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Black Bayou Lake National Wildlife Refuge, Ouachita Parish, LA

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Fish and Wildlife Service, Interior.


Notice of availability: Final comprehensive conservation plan and finding of no significant impact.


We, the Fish and Wildlife Service (Service), announce the availability of our final comprehensive conservation plan (CCP) and finding of no significant impact (FONSI) for the environmental assessment for Black Bayou Lake National Wildlife Refuge (NWR). In the final CCP, we describe how we will manage this refuge for the next 15 years.


You may obtain a copy of the CCP by writing to: Mr. George Chandler, North Louisiana National Wildlife Refuge Complex, 11372 Highway 143, Farmerville, LA 71241. The CCP may also be accessed and downloaded from the Service's Web site:​planning/​ under “Final Documents.”

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Mr. George Chandler; telephone: 318-726-4222; fax: 318-726-4667; e-mail:

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With this notice, we finalize the CCP process for Black Bayou Lake NWR. We started this process through a notice in the Federal Register on May 8, 2008 (73 FR 26139).

The Black Bayou Lake NWR is a unit of the North Louisiana National Wildlife Refuge Complex. In addition to Black Bayou Lake NWR, the Complex includes D'Arbonne, Upper Ouachita, Handy Brake, and Red River NWRs, and the Louisiana Farm Service Agency Tracts. Each refuge has unique issues and has had separate planning efforts and public involvement.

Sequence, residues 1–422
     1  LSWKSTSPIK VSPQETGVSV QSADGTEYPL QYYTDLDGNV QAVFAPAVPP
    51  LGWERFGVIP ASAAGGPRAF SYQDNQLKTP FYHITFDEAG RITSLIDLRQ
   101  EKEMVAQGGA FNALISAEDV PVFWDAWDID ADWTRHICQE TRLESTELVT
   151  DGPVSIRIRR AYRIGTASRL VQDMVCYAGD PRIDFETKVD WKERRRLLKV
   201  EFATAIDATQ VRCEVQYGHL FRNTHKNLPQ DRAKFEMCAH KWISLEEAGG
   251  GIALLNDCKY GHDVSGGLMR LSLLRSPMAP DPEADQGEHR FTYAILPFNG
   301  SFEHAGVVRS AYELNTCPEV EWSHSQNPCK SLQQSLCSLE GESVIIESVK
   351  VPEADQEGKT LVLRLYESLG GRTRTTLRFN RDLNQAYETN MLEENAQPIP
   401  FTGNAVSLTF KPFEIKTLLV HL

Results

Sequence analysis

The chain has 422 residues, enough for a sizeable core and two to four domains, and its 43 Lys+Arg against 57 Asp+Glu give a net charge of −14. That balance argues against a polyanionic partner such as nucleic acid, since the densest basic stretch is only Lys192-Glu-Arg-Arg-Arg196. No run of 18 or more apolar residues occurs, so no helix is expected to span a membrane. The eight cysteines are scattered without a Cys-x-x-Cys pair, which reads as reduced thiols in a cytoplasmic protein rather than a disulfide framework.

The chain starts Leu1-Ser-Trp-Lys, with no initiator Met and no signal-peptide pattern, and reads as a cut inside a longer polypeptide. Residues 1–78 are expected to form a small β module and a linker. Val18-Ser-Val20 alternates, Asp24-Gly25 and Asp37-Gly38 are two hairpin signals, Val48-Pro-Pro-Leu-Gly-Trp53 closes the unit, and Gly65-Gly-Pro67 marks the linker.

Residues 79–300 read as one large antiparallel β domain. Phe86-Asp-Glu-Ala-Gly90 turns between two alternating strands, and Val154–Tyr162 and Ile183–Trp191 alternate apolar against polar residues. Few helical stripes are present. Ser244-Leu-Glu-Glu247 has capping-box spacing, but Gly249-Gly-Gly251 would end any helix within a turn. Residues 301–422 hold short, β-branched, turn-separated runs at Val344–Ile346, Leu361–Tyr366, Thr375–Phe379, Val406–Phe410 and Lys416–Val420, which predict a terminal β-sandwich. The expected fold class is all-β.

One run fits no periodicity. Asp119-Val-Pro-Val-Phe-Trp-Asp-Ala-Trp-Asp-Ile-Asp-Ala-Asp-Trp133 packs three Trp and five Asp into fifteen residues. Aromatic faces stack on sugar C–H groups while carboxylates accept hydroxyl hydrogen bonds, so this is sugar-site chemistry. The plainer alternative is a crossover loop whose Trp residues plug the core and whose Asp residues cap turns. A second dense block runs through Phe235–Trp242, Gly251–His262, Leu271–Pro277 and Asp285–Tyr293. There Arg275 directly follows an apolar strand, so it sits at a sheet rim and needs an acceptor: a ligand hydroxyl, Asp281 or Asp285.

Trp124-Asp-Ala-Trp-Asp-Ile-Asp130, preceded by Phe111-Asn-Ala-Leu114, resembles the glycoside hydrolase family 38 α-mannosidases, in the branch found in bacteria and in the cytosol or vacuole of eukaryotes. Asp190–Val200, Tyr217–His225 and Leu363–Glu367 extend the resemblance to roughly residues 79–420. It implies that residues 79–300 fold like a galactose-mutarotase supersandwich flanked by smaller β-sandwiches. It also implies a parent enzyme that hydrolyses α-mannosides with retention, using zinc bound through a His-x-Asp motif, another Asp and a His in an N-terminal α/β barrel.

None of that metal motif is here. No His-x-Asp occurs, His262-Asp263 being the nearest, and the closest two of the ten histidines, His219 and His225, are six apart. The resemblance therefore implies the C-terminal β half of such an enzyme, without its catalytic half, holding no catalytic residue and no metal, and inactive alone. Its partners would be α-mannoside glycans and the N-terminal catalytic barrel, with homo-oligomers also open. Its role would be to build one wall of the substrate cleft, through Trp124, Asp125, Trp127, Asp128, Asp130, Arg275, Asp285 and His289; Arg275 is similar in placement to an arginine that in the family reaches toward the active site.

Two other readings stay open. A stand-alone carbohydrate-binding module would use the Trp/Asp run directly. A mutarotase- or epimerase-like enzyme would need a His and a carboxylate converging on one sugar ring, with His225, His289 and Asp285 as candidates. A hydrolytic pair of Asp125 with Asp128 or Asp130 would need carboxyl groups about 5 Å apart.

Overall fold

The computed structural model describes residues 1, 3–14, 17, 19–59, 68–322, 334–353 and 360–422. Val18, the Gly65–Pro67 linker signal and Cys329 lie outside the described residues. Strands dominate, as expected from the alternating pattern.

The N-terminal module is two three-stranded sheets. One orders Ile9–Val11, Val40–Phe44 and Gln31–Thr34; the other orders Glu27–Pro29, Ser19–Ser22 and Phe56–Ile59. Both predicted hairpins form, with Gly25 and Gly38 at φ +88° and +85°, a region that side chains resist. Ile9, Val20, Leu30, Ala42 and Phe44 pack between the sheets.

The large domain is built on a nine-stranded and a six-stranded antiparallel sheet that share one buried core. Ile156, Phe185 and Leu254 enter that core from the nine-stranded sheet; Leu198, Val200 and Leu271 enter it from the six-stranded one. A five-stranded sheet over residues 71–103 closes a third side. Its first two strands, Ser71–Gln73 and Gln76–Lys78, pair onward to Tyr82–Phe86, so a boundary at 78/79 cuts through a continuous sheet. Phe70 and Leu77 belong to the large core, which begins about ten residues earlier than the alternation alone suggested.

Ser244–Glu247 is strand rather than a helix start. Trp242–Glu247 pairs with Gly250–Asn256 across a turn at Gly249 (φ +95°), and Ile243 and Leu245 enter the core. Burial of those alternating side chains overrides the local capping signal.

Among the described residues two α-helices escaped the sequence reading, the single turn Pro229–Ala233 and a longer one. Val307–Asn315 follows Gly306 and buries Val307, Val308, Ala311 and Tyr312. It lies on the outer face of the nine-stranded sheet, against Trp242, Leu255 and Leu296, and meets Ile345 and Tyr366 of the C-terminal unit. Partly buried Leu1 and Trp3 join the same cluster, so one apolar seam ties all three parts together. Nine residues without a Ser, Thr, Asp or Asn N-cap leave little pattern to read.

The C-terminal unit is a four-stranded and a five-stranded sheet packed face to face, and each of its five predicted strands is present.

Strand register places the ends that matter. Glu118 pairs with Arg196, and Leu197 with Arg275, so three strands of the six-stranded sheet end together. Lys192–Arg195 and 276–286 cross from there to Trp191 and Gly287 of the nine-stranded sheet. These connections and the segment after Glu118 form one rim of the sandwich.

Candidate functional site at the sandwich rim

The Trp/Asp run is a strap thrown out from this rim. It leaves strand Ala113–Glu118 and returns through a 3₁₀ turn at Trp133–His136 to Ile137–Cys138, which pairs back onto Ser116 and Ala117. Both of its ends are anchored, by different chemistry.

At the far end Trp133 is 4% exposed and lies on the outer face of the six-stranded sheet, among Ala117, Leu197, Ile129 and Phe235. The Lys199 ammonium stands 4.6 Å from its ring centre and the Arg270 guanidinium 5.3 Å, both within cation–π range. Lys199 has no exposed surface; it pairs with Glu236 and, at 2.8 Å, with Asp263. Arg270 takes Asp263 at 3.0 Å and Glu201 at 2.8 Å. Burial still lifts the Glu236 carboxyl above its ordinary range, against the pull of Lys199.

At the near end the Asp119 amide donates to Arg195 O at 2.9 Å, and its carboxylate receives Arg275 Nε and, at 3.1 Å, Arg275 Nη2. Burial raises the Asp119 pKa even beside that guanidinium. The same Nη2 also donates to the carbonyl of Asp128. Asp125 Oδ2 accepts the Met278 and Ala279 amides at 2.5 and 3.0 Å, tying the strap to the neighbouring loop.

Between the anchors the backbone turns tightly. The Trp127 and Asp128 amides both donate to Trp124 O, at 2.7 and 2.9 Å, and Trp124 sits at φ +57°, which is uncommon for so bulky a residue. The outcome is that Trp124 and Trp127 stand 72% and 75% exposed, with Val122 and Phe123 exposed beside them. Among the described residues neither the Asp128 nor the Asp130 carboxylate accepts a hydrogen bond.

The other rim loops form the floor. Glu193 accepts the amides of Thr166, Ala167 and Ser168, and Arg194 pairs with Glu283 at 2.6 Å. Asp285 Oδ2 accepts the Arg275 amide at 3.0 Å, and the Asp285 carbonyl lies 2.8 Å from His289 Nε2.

The Black Bayou Lake NWR plays an important role regionally in fulfilling the national goals of the National Wildlife Refuge System. Its close proximity to a major metropolitan center gives the public the ability to participate in educational opportunities that promote wildlife stewardship and to learn about environmental issues.

Black Bayou Lake NWR, established in 1997, is 3 miles north of the city of Monroe, Louisiana, just east of Highway 165 in Ouachita Parish. It contains 4,522 acres of wetland, bottomland hardwood, and upland mixed pine/hardwood habitats. Although the suburban sprawl of the city of Monroe surrounds much of its boundary, the refuge itself represents many habitat types and is home to a diversity of plants and animals. Black Bayou Lake NWR is situated in the Mississippi Flyway, the Mississippi Alluvial Valley Bird Conservation Region, and the Lower Mississippi River Ecosystem.

Black Bayou Lake NWR was established for “the conservation of the wetlands of the nation in order to maintain the public benefits they provide and to help fulfill international obligations contained in various migratory bird treaties and conventions” 16 U.S.C. 3901 (b) (Wetlands Extension Act).